I'm over halfway through. It's about 500 pages, and absolutely genuine. I doubt it was ghostwritten judging by the feel of the book. Bret is very open about ALL of his career, from drugs use to women, from family problems to happier times. He's not bashing anyone for the sake of bashing and I really think he put a lot of time and effort into this. He's even mentioned Shawn Michaels a handful of times and done nothing but shower the man's athletic ability with praise while refraining from comment on backstage behavior, because quite frankly the entire dressing room is behaving like idiots.
I've been blown away. If I had to rate it now, I'd even put it ahead of Mick Foley, it's THAT good.
I just finished the book a few days ago - it is a long read (540 pages), but it is compelling reading for any wrestling fans from the 80s/90s. As I understand it, he had more than 1500 pages written, but it needed to be whittled down. Here in Calgary, stacks of "Hitman" peer out from every bookstore in town. He's done a couple of book signings as well.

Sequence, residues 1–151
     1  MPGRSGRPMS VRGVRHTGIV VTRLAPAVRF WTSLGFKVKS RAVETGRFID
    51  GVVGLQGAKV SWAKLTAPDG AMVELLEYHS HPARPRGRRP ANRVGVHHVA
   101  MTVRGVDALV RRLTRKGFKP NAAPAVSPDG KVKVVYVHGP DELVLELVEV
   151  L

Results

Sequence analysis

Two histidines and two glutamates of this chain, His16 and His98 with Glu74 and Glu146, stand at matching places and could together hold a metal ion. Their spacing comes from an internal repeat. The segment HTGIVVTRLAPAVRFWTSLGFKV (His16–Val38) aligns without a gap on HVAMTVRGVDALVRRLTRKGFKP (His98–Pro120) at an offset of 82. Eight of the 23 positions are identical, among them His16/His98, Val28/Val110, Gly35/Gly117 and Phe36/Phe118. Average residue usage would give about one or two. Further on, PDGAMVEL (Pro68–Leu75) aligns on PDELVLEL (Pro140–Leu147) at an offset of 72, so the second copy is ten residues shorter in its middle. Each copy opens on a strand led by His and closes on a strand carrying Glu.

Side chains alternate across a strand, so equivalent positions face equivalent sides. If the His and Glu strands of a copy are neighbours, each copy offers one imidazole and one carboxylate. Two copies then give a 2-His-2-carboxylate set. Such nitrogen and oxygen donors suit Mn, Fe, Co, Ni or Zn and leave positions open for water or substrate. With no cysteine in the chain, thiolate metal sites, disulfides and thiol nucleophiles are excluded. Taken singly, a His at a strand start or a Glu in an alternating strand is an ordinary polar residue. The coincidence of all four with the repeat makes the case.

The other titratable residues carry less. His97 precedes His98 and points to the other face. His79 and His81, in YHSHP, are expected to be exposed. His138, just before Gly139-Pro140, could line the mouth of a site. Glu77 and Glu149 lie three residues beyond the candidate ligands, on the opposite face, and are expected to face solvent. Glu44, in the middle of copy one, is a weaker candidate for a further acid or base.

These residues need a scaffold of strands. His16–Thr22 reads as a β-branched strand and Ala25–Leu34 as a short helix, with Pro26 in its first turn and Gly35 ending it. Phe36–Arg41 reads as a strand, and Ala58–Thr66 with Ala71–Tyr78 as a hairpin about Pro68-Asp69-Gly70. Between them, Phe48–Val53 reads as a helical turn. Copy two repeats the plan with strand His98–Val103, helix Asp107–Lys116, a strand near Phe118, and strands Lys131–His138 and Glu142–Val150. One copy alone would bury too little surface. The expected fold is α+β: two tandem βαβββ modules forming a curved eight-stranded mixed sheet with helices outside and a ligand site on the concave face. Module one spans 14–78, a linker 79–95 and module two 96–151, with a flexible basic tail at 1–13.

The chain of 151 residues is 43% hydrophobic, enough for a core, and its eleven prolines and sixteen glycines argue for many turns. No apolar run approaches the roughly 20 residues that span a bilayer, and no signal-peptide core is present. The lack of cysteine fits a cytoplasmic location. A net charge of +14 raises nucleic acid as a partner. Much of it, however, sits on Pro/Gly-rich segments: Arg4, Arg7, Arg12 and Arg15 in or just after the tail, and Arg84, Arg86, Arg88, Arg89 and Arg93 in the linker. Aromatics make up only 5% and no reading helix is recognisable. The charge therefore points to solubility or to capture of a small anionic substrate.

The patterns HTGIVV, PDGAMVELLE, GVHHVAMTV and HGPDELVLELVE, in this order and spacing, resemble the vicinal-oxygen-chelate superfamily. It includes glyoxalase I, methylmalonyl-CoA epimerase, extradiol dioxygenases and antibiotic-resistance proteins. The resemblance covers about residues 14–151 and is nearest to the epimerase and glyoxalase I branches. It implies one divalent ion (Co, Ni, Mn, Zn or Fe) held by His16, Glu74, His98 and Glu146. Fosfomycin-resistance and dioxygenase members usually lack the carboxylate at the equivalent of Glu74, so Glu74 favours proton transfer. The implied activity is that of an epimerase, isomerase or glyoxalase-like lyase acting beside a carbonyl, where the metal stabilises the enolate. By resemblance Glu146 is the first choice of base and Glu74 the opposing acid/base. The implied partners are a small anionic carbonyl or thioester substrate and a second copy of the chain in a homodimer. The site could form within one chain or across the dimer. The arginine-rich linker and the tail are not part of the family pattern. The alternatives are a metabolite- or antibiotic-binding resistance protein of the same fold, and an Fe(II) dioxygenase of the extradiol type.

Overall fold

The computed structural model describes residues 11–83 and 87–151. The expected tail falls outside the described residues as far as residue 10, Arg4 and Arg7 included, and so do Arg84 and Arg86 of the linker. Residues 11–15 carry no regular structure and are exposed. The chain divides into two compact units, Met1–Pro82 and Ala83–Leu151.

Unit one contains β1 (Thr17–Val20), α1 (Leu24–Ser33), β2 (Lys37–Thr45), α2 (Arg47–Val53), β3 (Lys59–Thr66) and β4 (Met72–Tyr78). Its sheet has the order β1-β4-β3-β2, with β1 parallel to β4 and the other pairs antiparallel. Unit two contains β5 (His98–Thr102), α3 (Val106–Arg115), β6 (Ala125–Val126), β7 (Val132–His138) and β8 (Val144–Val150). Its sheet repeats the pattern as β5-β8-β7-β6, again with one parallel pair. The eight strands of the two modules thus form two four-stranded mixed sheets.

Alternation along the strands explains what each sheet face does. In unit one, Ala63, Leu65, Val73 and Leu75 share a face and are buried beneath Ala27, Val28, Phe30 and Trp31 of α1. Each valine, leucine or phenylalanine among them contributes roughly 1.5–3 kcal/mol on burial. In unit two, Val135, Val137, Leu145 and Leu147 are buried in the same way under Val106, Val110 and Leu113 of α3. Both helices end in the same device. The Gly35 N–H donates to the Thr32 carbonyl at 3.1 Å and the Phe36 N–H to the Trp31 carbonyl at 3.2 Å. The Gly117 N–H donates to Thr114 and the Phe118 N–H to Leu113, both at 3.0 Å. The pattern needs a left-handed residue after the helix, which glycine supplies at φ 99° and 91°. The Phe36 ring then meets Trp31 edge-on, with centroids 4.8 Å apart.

The book left me with an overwhelming sense that Bret still carries a lot of bitterness in him. I never realized how fucked up the whole Hart family was. The amount of in-fighting and jealousy really took its toll on their parents.
It is interesting, as cfgb mentions, how Bret definitely had a lot of admiration for Shawn Michaels early on, and you can see how that changes over the years into a full-on hatred.
With regard to his relationship with Vince, I got the sense that Bret is ambivalent on how he should feel about Vince. He doesn't doubt that Vince both made him and broke him as a wrestler.
If you do have the chance to get this book, I don't think you'll be disappointed. There's a lot on Davey, Anvil, Dynamite, Owen, Perfect and others.
I took a recommendation from "Positively Fifth Street" where James McManus suggests poker players should read "Master of Go" by Yasunari Kawabata. I found myself fascinated by his style (sparse and haunting)